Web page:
First Hepatitis C Treatment Approved in 10 Years

On May 13, the FDA announced the approval of Victrelis (boceprevir) to treat Hepatitis C virus in adults.

, Hepatitis C virus (HCV) infection “is the most common chronic bloodborne infection in the United States,” and “approximately 3.2 million persons are chronically infected.” Each year there is an estimated 8,000-10,000 deaths in the US, so researchers have been working to develop new ways to treat the virus. The hard work paid off when last week the FDA announced its approval of Merck’s HCV treatment, VICTRELIS™ (boceprevir). Victrelis is the first treatment “in a new class of medicines known as hepatitis C virus (HCV) protease inhibitors approved for use in combination with peginterferon alfa and ribavirin, which is the current standard therapy, for the treatment of chronic hepatitis C.”

In the press release put out by Merck, Dr. Bruce Bacon, professor of internal medicine, Saint Louis University School of Medicine, and a clinical investigator for Victrelis, said, “This is an exciting day for physicians and patients because VICTRELIS is the first major advancement for the treatment of chronic hepatitis C approved in a decade… Compared to current standard therapy, VICTRELIS can significantly increase a patient’s chance of achieving undetectable levels of the virus, thereby obtaining as SVR [sustained virologic response]. For many patients, VICTRELIS may allow for a shorter total duration of treatment.”

Matthew Herper, writer of the blog The Medicine Show, wrote that the approval of Victrelis “represents a victory for the drug giant, and could kick off one of the fiercest drug marketing battles in years.” The reason Herper wrote this is because Vertex Pharmaceuticals is also developing a HCV treatment that is expected to receive approval “later this month with a more straightforward and easy-to-understand dosing schedule.” According to an article, “Vertex’s Incivek is also more potent, curing a greater percentage of hepatitis C patients compared to Merck’s Victrelis, at least according to the respective clinical trials run by both companies.” Until Incivek is approved, Victrelis has the HCV market to itself, but when it is approved, there will be a major marketing battle between Merck and Vertex.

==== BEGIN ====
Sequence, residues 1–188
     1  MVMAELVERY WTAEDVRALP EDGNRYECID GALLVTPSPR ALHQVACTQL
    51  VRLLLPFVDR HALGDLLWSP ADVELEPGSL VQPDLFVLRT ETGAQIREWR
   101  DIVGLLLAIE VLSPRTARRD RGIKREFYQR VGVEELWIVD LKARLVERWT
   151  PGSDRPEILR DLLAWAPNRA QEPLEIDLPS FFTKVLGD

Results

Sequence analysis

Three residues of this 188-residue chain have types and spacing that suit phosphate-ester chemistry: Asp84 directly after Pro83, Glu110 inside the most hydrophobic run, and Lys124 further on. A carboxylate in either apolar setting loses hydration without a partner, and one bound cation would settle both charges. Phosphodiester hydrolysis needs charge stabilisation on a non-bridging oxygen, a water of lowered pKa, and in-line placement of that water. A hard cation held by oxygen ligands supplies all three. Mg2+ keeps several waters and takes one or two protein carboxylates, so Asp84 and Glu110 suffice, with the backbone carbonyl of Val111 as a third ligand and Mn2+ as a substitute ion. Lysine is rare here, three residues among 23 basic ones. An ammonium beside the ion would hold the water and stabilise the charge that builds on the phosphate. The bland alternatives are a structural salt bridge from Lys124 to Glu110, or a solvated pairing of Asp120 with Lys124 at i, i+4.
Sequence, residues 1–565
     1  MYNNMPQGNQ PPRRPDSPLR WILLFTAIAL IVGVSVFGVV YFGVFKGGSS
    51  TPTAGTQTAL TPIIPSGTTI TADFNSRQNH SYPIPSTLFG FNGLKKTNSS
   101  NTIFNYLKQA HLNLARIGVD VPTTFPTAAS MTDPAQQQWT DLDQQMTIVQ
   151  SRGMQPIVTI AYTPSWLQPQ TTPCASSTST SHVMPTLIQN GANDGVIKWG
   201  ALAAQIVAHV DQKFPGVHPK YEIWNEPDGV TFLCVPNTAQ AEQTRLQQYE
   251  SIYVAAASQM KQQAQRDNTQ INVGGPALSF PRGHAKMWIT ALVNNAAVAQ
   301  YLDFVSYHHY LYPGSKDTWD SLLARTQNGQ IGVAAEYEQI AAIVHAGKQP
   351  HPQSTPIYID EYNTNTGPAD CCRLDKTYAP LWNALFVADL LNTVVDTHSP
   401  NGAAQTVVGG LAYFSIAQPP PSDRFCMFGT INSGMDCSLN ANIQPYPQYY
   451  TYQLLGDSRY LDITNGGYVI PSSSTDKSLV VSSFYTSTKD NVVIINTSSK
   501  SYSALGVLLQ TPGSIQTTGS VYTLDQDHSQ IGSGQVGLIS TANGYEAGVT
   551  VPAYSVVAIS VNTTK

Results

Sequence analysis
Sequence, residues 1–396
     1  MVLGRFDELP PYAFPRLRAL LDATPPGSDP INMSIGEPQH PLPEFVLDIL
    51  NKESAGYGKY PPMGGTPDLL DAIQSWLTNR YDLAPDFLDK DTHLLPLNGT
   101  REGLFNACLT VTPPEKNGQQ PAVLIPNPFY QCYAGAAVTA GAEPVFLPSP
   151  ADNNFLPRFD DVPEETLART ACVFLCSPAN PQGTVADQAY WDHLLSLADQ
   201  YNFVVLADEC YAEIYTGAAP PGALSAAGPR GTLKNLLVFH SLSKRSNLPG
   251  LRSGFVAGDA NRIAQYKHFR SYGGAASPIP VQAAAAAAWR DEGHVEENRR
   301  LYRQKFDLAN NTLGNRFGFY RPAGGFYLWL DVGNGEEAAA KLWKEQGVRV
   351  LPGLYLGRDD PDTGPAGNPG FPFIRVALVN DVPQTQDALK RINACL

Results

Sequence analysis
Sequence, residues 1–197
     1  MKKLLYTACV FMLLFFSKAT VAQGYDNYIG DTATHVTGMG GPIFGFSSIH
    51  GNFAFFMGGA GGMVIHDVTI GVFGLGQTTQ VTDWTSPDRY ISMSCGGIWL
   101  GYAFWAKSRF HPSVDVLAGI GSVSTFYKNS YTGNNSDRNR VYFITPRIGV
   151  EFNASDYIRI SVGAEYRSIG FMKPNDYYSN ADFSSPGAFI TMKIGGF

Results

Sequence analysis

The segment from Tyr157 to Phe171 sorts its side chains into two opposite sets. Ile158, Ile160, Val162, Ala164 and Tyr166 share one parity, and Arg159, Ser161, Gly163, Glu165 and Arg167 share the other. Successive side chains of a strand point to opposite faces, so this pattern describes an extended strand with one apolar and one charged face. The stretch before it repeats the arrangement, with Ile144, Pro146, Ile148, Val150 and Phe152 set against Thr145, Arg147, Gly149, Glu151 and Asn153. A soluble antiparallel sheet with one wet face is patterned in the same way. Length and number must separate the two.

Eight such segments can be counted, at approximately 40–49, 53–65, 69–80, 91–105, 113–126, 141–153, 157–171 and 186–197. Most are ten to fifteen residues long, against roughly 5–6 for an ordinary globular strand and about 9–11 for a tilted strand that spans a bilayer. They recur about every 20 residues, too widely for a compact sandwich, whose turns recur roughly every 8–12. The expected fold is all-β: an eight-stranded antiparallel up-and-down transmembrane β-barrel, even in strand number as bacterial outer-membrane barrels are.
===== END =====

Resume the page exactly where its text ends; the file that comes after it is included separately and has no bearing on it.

HCV Statistics

  1. Infection is most prevalent among those born during 1945-1965, the majority of whom were likely infected during the 1970s and 1980s when rates were highest.
  2. The following persons are at known to be at increased risk for HCV infection:
  • Current or former injection drug users, including those who injected only once many years ago
  • Recipients of clotting factor concentrates made before 1987, when more advanced methods for manufacturing those products were developed
  • Recipients of blood transfusions or solid organ transplants before July 1992, when better testing of blood donors became available
  • Chronic hemodialysis patients
  • Persons with known exposures to HCV, such as health care workers after needlesticks involving HCV-positive blood; and recipients of blood or organs from a donor who tested HCV-positive
  • Persons with HIV infection
  • Children born to HCV-positive mothers
  1. Of every 100 persons infected with HCV, approximately
  • 75—85 will go on to develop chronic infection
  • 60—70 will go on to develop chronic liver disease
  • 5—20 will go on to develop cirrhosis over a period of 20–30 years
  • 1—5 will die from the consequences of chronic infection (liver cancer or cirrhosis)
  1. Chronic HCV infection is the leading indication for liver transplants in the United States.

Resources for health care professionals (courtesy of the CDC):

Guidelines For Viral Hepatitis Surveillance And Case Management

Recommendations for Prevention and Control of Hepatitis C Virus (HCV) Infection and HCV-Related Chronic Disease

A Comprehensive Strategy for the Prevention and Control of Hepatitis C Virus Infection and its Consequences

Diagnosis, Management, and Treatment of Hepatitis C: An Update

Hepatitis C Virus (HCV) Infection Testing for Diagnosis

Reference for Interpretation of Hepatitis C Virus (HCV) Test Results

NIH Consensus Statement: Management of Hepatitis C: 2002

What do you think about the FDA approval of Victrelis? Do you think it will be an effective treatment for hepatitis C virus? What about Vertex’s Incivek? Researchers are claiming it might be a better alternative, do you agree?